So any specific support in AIR for installing applications without admin rights would be temporary at best, as admins could still prevent it. Worse, it makes extra works for admins who have to jump through hoops to keep their machines locked down. Since we’re interested in making sure AIR stays friendly for enterprise deployments, and this feature has no value for non-enterprises, well, it just doesn’t seem to make much sense.

What are Administrative Rights, Anyway?

Installation and deployment discussions often use the term “admin rights”, as in, admin rights are required for this, or admin rights aren’t required for that. But what are admin rights, really?

The answer is, it depends. For most purposes, admin rights can be loosely defined as being the set of rights granted to either a root user (Linux, Mac OS) or an administrator account (Windows).

Still, that leaves plenty of gray areas. First of all, rights can also be divided topically. For example, an account might have rights to install software, but not alter the network settings. Does that account have admin rights? Some of them, I guess.

Second, access can be granted in other ways. For example, file permissions might be set on your Mac OS machine such that any user can install software to /Applications. Does this mean all users on the machine have admin rights? That they’re all admins on this machine? Or just that installing sofware on this machine isn’t considered an administrative task?

To further complicate matters, even the task at hand might not always require the same rights. For example, installing software into a user’s directory (i.e., Documents and Settings) might require a completely different set of permissions than installing it into a machine-wide location (i.e., Program Files). Or, the machine could be configured so that both operations require the same permissions.

The term gets used loosely because, most of the time, these gray areas can be safely ignored. But when someone asks if your software requires admin rights, well, it might pay to ask what they mean by that.

ChosenSecurity Individual Developer Certificates

Most certification authorities will issue certificates only to businesses. This can be a drag for individuals publishing applications on their own. If you’re in that camp, you may want to take a look at ChosenSecurity’s AIR code signing certificates, which are available to individuals.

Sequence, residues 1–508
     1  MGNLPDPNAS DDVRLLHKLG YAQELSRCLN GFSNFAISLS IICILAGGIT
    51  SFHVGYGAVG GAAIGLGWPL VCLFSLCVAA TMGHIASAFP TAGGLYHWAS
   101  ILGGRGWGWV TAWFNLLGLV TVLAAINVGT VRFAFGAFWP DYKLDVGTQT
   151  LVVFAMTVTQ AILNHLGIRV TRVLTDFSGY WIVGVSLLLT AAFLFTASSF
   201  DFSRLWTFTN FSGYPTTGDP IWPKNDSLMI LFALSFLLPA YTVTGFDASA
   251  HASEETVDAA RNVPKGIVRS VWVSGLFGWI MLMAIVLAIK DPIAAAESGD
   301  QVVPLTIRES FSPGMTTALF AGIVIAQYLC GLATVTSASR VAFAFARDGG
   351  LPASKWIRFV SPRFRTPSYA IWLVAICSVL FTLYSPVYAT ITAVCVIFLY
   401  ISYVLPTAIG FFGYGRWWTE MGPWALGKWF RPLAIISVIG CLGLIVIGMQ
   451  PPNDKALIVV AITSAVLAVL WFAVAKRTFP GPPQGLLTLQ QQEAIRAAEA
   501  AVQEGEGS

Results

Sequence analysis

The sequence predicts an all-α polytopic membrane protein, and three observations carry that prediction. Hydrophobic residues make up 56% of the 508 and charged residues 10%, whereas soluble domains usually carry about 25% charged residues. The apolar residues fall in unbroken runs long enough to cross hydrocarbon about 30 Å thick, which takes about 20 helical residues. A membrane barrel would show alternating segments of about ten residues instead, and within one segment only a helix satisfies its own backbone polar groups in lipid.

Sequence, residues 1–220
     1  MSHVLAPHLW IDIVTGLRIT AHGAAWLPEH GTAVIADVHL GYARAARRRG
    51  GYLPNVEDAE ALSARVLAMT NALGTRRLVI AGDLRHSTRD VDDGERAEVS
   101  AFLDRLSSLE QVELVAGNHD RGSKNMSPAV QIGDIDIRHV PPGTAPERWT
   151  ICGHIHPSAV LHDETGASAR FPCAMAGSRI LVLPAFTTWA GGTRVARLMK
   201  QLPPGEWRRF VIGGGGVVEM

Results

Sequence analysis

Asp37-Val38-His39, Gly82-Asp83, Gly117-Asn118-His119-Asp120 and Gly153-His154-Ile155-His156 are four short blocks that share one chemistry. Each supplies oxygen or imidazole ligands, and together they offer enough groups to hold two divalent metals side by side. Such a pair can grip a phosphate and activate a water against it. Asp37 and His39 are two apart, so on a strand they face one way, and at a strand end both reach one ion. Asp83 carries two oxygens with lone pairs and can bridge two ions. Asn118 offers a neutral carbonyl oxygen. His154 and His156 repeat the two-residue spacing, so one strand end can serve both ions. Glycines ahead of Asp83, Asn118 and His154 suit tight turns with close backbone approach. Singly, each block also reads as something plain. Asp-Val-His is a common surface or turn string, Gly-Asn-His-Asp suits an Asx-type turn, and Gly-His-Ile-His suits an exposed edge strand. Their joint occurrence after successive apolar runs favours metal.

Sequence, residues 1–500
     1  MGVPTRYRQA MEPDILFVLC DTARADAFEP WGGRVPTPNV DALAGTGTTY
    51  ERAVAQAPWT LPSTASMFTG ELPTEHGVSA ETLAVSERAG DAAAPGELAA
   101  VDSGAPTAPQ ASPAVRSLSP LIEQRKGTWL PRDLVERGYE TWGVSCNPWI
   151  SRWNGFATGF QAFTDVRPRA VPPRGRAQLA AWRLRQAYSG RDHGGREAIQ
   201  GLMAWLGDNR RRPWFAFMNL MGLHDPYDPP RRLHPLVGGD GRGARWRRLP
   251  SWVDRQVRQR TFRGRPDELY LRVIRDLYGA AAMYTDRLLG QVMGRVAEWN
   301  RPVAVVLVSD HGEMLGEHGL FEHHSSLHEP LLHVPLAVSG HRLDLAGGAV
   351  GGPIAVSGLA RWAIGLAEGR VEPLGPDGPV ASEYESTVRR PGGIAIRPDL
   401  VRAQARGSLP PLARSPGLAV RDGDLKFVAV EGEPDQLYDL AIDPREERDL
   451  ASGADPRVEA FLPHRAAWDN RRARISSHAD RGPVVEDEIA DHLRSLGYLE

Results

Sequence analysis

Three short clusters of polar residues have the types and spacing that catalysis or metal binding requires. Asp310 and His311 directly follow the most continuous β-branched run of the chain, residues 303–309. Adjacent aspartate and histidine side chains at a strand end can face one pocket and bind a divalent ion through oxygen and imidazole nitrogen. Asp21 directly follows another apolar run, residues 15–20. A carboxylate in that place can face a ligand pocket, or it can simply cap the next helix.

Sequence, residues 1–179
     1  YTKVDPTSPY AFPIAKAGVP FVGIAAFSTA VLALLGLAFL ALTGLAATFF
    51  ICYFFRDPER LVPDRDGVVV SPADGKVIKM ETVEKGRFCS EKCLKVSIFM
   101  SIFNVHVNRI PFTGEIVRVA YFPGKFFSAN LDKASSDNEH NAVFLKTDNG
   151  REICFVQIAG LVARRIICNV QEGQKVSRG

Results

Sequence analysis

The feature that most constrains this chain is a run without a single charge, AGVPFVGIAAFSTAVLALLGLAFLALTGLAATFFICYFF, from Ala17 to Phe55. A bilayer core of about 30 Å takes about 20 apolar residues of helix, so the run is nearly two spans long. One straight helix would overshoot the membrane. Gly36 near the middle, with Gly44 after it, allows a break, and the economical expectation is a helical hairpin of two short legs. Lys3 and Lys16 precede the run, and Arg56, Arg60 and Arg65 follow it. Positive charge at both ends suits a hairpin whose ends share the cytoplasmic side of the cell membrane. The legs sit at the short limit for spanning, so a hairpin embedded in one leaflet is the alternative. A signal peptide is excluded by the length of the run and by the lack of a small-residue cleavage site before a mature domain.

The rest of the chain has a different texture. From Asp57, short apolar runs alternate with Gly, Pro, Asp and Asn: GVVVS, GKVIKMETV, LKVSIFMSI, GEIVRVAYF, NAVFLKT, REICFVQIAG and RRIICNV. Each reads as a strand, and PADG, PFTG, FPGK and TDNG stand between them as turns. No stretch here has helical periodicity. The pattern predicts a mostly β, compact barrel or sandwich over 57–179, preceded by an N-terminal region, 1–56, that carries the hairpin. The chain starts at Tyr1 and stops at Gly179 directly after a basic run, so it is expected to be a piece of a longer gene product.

No, I’m not receiving anything from ChosenSecurity for posting this.

Installers Can Only Do So Much

In my response to my earlier post about why uninstallers don’t clean up user files, commenter dan suggests that uninstalling and then installing an application should erase application settings. He argues that this would at the very least help users who have applications that don’t work because, for example, the application settings have become corrupt.

The fix is tenuous at best:

  • It won’t work if the application doesn’t opt in. After all, some applications will want to save those settings.
  • It won’t work if AIR can’t determine where the settings are stored. Yes, we provide a location for that—but it’s a suggestion, and not obligatory.
  • It requires the user to intervene (uninstall/reinstall) to fix a problem the application could address for itself.

The point about corrupt user settings is valid; this can happen and effectively disable an application. And I agree, asking users to find the file containing these settings and manually delete them is unreasonable. But the truly simple fix is to code your application so that it can detect and ignore corrupt settings. Get that right, and users may never even realize something went wrong.

More on AIR Enterprise Deployment

Peter Albert and Michael Labriola have written a new article for the Adobe Developer Center: Distributing AIR in the Enterprise. It describes how to deploy AIR and AIR-based applications in the enterprise via:

  • Microsoft Systems Management Server,
  • Microsoft System Center Configuration Manager, and
  • IBM Tivoli Provisioning Manager Express.

Enjoy!